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Renewable Energy

PG&E recently asked the state of California to approve plans to turn to space-based solar systems as a source of clean energy. With plans for the satellite which would relay the solar energy to be designed and completed by Solaren Corp by 2016, it sounds far off, but, as reported by Scientific American, the promises of such a near-constant source of renewable energy are abundant.

Analysis of renewable energy sources takes center-stage in the Science Buddies science fair project idea: Free Lunch? Can Solar Energy Systems Pay for Themselves with Utility Bill Savings?. Additional Science Buddies information on renewable energy can be found in this abbreviated project idea: Renewable Energy Sources.


Science Buddies Science Activities

Science Buddies Summer Science Roundup


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Visual illusions and other optical puzzles are fun for families to share and explore. With hands-on science projects and activities, students can create and test their own visual illusions--including a cool infinity mirror!

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School and family science weekly spotlight: the science of marinades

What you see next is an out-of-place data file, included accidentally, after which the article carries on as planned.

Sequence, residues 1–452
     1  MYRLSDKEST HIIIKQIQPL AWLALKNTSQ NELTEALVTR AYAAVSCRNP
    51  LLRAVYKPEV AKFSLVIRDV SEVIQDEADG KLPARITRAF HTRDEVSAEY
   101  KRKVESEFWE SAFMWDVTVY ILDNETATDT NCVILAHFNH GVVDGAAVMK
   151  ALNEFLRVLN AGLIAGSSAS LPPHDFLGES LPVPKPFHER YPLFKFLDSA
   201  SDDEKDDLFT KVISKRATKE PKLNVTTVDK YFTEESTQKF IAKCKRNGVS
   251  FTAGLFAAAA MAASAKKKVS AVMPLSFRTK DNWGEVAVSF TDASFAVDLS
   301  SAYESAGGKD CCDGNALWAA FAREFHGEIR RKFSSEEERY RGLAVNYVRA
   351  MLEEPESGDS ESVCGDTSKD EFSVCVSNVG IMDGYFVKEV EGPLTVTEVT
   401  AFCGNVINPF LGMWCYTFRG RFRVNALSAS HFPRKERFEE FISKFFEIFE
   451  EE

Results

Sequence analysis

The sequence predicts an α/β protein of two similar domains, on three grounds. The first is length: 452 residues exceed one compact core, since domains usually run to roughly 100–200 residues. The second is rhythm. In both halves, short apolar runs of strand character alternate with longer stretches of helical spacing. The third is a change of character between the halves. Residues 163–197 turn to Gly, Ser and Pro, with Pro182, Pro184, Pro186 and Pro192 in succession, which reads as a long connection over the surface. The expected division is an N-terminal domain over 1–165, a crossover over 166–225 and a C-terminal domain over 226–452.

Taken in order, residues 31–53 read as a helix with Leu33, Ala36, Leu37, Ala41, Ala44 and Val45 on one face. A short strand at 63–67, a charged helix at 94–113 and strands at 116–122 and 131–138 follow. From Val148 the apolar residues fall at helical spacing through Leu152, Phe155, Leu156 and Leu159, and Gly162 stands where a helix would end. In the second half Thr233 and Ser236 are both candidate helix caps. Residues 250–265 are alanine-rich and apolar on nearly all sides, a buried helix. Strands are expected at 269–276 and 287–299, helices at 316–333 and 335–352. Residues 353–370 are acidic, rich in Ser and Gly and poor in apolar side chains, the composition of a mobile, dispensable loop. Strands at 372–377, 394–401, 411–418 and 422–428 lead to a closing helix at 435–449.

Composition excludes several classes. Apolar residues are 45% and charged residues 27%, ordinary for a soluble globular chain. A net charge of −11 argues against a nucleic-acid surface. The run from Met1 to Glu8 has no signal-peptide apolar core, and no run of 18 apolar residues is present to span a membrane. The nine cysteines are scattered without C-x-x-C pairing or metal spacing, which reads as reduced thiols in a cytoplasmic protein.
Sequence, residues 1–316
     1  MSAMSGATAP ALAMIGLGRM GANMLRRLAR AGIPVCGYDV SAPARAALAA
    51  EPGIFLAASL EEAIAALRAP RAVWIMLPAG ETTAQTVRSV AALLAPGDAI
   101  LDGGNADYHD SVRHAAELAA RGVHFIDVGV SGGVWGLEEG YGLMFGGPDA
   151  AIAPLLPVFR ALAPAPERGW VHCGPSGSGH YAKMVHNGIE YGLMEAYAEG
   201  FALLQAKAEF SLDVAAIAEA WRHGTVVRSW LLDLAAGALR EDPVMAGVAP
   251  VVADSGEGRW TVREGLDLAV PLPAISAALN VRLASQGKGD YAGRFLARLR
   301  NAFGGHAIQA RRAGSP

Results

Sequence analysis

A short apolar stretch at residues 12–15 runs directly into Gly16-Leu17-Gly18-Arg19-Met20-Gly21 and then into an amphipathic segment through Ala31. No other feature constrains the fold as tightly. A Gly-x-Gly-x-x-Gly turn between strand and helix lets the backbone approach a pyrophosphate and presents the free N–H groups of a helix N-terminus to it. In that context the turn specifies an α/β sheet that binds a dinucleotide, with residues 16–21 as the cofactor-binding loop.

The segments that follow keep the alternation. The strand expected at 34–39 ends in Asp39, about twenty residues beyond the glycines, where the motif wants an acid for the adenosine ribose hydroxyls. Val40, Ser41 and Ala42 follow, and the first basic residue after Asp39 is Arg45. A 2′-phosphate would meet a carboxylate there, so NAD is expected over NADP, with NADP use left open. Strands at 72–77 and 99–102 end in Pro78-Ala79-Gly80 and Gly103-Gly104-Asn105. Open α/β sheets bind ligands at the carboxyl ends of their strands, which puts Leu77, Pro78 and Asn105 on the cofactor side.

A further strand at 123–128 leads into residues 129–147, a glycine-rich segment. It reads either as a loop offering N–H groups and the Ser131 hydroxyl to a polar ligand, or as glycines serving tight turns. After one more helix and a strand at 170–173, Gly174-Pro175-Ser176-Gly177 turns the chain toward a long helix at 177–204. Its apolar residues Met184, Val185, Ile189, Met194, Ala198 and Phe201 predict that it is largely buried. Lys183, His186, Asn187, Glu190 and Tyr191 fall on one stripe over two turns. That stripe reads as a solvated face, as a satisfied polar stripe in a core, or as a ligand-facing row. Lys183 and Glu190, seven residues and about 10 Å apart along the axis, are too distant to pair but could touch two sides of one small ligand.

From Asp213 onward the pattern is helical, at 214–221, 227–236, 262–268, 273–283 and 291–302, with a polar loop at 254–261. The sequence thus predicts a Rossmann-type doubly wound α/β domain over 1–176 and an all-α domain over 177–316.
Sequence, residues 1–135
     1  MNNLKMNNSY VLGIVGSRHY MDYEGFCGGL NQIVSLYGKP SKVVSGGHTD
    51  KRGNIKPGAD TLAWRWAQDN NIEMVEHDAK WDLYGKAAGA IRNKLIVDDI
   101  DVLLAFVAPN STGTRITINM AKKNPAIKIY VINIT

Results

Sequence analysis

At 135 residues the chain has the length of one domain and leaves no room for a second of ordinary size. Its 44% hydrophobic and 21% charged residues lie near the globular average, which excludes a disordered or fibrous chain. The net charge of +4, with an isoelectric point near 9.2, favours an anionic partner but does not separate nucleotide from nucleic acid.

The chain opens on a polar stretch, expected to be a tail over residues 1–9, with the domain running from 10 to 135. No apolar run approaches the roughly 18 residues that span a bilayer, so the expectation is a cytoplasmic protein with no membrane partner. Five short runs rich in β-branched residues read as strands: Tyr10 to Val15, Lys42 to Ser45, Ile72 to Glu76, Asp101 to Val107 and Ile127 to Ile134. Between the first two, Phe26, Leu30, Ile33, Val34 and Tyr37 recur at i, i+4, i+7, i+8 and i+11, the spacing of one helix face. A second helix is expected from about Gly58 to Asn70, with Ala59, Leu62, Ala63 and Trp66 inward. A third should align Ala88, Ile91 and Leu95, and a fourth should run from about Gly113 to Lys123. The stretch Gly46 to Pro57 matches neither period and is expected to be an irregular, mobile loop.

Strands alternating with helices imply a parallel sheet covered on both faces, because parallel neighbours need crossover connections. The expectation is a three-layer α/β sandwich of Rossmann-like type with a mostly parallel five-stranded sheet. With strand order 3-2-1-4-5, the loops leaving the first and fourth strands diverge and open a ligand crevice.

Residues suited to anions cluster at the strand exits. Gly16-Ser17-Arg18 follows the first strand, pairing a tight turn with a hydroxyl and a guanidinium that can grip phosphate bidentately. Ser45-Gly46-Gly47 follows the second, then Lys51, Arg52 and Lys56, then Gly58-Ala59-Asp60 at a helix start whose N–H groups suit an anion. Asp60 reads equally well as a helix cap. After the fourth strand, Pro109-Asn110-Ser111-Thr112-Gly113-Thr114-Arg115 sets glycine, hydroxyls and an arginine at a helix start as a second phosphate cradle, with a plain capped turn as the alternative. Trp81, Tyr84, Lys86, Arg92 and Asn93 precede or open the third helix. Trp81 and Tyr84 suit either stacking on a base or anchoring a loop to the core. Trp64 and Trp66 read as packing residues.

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A fun SimCity science project from Science Buddies helps turn in-game city planning into a science experiment, one students can also use to enter the annual Future City competition.

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What do gears and tires have to do with who wins a race—or how long it takes to ride to the corner store? Find out with hands-on sports science projects that help tie science to the sports kids love to do and watch.

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When you combine your circuitry know-how with fabric, you can, literally, wear your electronics on your sleeve. Students experiment with e-textiles.

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What variables make a game popular with players, and do boys and girls choose different types of games? Design a survey-based science project this summer and do some statistical analysis of the data you gather. Your results might be eye...



Your Science!
What will you explore for your science project this year? What is your favorite classroom science activity? Email us a short (one to three sentences) summary of your science project or teaching tip. You might end up featured in an upcoming Science Buddies newsletter!



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